Booty plundered from Spain‘s New World territories in the Americas made Seville one of the world’s richest and most opulent cities in the 16th century. This was en era of swashbuckling adventure and swagger.
Many of the city’s most sumptuous buildings date from this time. Explore a little more on this walking tour which takes in some of them. Moreover, it introduces you to a few of the people associated with them.
Perhaps more than anyone, Christopher Columbus embodies Seville’s exploratory adventures. There’s a monument to him in the Jardines de Murillo, the gardens behind the Alcazar, a good place to start.
From here it’s a short walk through the gardens to what’s now a main University building. However it was originally La Real Fabrica de Tabacos – the Royal Tobacco Factory. One of the most important discoveries in the New World was tobacco. Importing tobacco and making cigars was lucrative trade indeed – particularly for the King who had a monopoly on it. Look out for another bust of Columbus (along with Cortes another of these famous explorers) at the main entrance.
And where to keep all the documents and recordings of the Spanish conquerors as they pushed further and further into the Americas? In 1785 King Carlos III had the remarkable foresight of collecting all these valuable documents in one massive building – the Archivo de Indias. A wander round this ‘Archive of the Indies’ takes about half an hour and is quite fascinating.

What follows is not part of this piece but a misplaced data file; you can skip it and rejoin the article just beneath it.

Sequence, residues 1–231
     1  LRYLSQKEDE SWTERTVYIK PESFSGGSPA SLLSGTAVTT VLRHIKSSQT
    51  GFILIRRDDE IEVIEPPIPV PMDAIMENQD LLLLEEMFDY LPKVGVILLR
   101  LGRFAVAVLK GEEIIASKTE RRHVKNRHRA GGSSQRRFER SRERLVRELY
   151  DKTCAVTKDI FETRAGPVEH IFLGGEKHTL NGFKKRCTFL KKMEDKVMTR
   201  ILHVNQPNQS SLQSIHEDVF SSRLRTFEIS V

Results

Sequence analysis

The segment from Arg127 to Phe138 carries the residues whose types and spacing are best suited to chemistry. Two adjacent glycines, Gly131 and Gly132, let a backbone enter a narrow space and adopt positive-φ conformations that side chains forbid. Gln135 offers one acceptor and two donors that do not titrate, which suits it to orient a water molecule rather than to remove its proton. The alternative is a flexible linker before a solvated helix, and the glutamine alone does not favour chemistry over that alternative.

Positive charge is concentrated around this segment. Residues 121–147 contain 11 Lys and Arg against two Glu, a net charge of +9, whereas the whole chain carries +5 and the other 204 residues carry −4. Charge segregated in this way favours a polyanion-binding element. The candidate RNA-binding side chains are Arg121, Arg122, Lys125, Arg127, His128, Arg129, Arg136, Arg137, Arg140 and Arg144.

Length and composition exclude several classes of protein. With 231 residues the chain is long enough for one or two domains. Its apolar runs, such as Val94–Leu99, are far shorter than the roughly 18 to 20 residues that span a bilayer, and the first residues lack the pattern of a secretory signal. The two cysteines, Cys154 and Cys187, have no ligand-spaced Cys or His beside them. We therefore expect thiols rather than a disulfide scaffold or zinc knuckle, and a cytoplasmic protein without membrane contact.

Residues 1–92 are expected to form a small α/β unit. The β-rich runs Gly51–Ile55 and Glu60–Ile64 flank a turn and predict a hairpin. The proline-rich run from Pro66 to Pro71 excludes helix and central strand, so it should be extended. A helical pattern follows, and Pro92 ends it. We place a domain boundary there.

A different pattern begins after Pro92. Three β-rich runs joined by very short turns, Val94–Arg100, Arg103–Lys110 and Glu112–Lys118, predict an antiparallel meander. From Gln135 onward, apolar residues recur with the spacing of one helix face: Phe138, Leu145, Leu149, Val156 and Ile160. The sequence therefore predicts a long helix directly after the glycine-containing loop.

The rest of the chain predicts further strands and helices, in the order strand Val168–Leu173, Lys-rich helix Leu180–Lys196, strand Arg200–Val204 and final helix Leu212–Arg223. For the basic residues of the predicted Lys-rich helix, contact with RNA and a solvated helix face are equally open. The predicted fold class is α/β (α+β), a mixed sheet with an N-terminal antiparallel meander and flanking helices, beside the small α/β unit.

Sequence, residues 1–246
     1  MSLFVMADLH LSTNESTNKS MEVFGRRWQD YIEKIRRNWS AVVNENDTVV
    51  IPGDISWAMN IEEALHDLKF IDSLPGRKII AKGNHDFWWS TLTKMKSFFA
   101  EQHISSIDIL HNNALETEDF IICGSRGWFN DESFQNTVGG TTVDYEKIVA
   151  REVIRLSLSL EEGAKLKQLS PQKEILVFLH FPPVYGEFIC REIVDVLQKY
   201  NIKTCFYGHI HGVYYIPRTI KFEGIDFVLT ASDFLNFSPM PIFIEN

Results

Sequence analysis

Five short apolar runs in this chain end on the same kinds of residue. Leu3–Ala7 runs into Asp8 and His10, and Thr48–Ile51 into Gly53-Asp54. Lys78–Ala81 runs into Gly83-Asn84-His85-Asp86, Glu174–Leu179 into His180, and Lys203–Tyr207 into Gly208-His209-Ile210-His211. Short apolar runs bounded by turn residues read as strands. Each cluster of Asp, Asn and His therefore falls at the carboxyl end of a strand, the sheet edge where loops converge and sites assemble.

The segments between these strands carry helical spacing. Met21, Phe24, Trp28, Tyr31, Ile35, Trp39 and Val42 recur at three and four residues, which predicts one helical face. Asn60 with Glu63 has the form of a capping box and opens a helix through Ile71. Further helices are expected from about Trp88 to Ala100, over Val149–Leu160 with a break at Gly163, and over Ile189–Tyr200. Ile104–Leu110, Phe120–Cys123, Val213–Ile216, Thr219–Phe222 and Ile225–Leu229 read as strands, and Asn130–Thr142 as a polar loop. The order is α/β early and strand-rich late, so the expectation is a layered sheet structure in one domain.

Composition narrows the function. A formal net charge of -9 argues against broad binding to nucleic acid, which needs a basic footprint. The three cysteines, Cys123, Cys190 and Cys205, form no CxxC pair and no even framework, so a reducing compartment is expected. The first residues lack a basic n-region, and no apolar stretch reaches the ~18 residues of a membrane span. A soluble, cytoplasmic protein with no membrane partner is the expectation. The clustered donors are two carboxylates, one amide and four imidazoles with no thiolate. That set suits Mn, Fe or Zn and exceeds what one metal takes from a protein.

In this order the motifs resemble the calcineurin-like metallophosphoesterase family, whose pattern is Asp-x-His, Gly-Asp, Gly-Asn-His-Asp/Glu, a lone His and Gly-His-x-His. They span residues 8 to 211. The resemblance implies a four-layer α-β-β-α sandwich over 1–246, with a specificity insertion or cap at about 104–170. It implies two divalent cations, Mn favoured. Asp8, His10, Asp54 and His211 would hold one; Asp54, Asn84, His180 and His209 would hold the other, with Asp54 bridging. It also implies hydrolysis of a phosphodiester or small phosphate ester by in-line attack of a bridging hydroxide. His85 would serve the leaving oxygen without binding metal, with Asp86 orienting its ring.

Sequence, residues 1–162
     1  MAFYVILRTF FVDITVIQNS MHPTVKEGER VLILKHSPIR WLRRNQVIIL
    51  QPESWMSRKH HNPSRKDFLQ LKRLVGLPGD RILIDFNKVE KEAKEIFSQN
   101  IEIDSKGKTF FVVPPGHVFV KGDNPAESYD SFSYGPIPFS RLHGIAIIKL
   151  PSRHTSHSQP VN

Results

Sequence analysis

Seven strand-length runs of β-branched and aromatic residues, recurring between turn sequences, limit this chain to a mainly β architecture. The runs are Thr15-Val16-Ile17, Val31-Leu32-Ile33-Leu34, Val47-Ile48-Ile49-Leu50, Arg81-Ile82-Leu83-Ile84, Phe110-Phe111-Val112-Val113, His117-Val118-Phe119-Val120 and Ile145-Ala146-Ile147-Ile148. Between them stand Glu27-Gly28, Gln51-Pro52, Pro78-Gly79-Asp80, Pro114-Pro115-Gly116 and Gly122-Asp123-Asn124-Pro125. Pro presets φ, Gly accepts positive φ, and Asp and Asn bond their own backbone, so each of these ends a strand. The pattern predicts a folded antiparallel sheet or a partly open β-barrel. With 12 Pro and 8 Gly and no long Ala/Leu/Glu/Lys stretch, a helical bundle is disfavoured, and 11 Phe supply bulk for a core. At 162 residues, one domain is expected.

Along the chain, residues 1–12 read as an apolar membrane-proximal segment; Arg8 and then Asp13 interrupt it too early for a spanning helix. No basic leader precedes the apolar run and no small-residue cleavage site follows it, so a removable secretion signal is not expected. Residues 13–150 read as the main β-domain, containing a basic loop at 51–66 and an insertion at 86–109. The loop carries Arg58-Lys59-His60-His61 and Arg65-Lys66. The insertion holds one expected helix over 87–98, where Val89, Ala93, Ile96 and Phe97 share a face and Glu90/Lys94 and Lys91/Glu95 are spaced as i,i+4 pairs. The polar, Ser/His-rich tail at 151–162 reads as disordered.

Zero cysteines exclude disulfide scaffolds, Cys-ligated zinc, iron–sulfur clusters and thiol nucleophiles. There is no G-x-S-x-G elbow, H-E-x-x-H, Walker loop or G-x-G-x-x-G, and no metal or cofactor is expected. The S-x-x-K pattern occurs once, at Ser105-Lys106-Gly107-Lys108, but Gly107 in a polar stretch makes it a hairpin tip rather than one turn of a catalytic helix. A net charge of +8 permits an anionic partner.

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If you need a bite to eat a good local tapas bar that’s right nearby is Casablanca
All this looted gold and silver and other precious metals and stones required storing somewhere. The Casa de la Moneda or Royal Mint was where coins for the whole of Spain were minted using melted down gold and silver plunder.
In previous centuries, the river Guadalquivir that runs through the city was wider and easily navigable for larger ships that sailed home to Spain from the Americas laden with loot. The royal shipyards – Las Reales Atarazanas are now set back quite some distance from the river bank. Sections have been restored and will be reopened for visits in 2019.
The next stop brings together many of these themes – exploration, discovery and plunder in an interesting small museum on the riverside. The Torre del Oro (Golden Tower) may have got its name from the fact that New World treasures were stored here. It’s one of Seville’s most recognisable landmarks and the museum is full of curios. Climb to the top for great views back across the city and up and down the river.
If you have kids in tow (or you’re a child at heart!) and you fancy continuing the New World adventure, pay a visit to Seville’s theme park La Isla Magica. The majority of the park’s big rides take their inspiration from this age of discovery too. You need a good half day to get the most out of a trip here and it’s across the river so best to take a cab to get there.